9. Response to 24 D: The government does not keep statistics
on trafficking. However, the GRN does collect crime data and
statistics on trafficking-related offenses, such as the worst
forms of child labor and rape. It monitors
immigration-related data that could indicate instances of
TIP. The country's human rights and legal organizations and
the media monitor the issue, but generally do not keep TIP
statistics. The GRN does not monitor its anti-trafficking
10. (SBU) Response to 25 A, B, C, and D: The Prevention of
Organized Crime Act (POCA) of 2004 (which is expected to be
implemented in April 2009) explicitly criminalizes TIP as
well as human smuggling. With this legislation, those who
participate in or aid and abet TIP face fines of up to
N$1,000,000 (USD 100,000) or jail terms of up to 50 years.
Additionally, those who participate in or aid and abet
migrant smuggling face fines up to N$500,000 (US $50,000) or
imprisonment of up to 25 years. The law does not
differentiate between trafficking for sexual exploitation and
trafficking for non-sexual purposes. Because the law does not
cover the "three Ps," the Ministry of Justice is considering
redrafting legislation so that it more comprehensively
addresses TIP. The Combating Rape Act prescribes up to 15
years imprisonment for first-time offenders and up to 45
years for repeat offenders, which is less than the 50 years
prescribed by the POCA. Namibia's labor law prohibits forced
labor and those convicted of forced labor are liable for
fines up to N$20,000 (USD 2,000) or imprisonment of up to
four years or both.
11. Response to 25 C continued: Namibia has progressive labor
laws, including laws prohibiting the worst forms of child
labor. Section 3 of the 2007 Labour Act, which was signed
into law during the reporting period, maintains the minimum
working age at 14 years. It also states that children between
the ages of 14-18 may not be employed where: work takes place
between the hours of 20:00-07:00; work is done underground or
in a mine; construction or demolition takes place; goods are
manufactured; electricity is generated, transformed, or
distributed; machinery is installed or dismantled; and any
work-related activities take place that may jeopardize a
child's health, safety, or physical, mental, spiritual,
moral, or social development. Under the new labor act,
persons found guilty of employing children face a maximum
fine of up to N$20,000 (USD 2,000) and/or up to four years
imprisonment. In addition, Section 6 of the Labour Act
stipulates the number of hours employees are allowed to work,
(which vary depending on the nature of the job) as well as
meal intervals (one hour meal interval for every five hours
of continuous work). Section 7 dictates the number of
workplace health and safety representatives (for 11-100
employees, at least one health and safety representative may
be elected by the employees). Section 13 states that a health
and safety commission must be established at a work place
with more than 100 employees. Section 17 dictates the number
of annual leave days employers must grant employees (e.g. an
employee who works five days a week is entitled to at least
20 days of annual leave). And Section 19 prescribes minimum
conditions of employment for night work, work on Sundays, and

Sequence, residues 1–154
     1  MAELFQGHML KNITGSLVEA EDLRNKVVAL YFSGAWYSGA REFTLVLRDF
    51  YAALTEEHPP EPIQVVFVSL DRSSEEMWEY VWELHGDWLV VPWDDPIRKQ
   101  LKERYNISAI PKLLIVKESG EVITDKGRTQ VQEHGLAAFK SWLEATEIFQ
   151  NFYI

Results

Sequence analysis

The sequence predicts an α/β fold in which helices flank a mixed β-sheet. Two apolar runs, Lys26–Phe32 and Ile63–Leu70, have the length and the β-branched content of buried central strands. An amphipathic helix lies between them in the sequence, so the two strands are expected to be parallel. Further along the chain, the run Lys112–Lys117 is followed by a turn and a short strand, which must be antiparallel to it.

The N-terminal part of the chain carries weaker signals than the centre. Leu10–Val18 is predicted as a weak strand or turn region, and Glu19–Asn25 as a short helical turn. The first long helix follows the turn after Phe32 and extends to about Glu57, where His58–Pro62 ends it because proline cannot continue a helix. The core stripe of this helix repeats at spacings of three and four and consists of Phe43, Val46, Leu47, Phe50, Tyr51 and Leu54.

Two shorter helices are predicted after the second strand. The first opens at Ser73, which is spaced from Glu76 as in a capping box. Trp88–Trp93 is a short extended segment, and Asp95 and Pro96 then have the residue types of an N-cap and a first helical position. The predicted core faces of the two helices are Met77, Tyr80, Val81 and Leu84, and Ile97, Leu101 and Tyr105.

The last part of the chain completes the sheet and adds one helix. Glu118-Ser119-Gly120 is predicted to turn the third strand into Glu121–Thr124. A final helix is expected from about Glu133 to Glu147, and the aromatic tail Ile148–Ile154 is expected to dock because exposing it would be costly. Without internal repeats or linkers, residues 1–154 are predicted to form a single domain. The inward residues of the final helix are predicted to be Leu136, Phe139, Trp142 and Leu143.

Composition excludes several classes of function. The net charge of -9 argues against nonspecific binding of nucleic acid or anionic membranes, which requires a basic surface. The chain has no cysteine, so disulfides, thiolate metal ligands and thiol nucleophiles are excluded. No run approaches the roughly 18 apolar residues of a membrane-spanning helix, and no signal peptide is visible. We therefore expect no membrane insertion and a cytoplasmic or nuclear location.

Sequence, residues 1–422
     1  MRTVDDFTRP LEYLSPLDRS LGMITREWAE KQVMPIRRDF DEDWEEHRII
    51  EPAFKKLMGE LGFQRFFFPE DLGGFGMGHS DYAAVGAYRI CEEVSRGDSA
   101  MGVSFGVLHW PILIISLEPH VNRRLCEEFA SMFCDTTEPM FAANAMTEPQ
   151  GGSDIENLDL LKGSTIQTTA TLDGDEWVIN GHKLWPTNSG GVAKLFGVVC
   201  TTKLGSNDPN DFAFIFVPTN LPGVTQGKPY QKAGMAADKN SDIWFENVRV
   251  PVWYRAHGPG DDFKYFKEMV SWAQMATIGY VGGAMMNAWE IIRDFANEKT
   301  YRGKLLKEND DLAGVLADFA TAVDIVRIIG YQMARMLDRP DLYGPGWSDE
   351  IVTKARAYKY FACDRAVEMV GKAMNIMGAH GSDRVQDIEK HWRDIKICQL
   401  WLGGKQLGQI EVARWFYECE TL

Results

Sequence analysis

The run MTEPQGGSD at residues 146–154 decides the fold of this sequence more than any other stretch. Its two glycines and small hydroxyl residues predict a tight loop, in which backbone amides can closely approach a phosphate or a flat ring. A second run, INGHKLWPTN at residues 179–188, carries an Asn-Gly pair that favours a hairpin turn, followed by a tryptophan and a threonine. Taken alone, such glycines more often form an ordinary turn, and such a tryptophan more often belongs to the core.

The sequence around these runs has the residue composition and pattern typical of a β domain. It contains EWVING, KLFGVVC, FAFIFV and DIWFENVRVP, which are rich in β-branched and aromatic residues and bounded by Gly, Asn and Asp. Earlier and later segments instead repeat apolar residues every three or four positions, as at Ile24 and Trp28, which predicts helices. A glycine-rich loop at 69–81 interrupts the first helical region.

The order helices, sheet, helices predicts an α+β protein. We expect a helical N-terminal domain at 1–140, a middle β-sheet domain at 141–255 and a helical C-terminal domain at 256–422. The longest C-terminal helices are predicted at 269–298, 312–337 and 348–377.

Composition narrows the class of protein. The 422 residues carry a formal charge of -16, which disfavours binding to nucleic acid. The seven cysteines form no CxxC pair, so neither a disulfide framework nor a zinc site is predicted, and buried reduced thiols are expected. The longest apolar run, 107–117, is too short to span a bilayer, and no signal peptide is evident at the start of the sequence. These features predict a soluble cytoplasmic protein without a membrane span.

work during public holidays.
12. Response to 25 E: The GRN did not prosecute any cases
against human trafficking offenders during the reporting
period. In the three child labor cases discussed in paragraph
2, the offenders were issued compliance orders because the
2007 Labour Act, which prescribes stiffer penalties, had not
yet been implemented. The GRN recorded no cases of forced
adult labor during the reporting period.
13. Response to 25 F: The government continues to pursue its
gender mainstreaming policy to "integrate gender equality and
gender sensitivity in all government actions and programs."
Through the Women and Child Protection Unit within the police
force, the government provides specialized training for
police officials and social workers from the Ministry of
Health in providing services to victims of sexual abuse and
domestic violence. A limited number of government officials
have undertaken anti-TIP training.
14. Response to 25 G: The GRN works with the countries in the
Southern African Development Community (SADC) to develop and
conform legislation in the region, particularly with respect
to border and immigration issues and their relationship to
TIP. There were no cooperative international investigations
on TIP during the reporting period.
15. Response to 25 H: Namibia's Extradition Act of 1996 (Act
11 of 1996) provides for extradition to specified countries,
such as those in the SADC region and Commonwealth, as well as
other countries with which Namibia has extradition
agreements. Although TIP and smuggling are considered
extraditable offenses in Namibia, there were no extraditions
related to TIP or smuggling during the reporting period.
16. Response to 25 J: There was no evidence presented during
the reporting period of government officials involved in TIP.
17. Response to 25 K: Prostitution is not criminalized, but
making a living from prostitution (such as pimping or
solicitation) is illegal. The age of sexual consent in
Namibia is 16. There are laws criminalizing sexual
exploitation, child pornography, and child prostitution. The
GRN enforces these laws, particularly in instances of child
and adult rape.
18. Response to 25 L: No Namibian peacekeepers were
investigated or sentenced for TIP-related offenses during the
19. Response to 26 A and B: The Women and Child Protection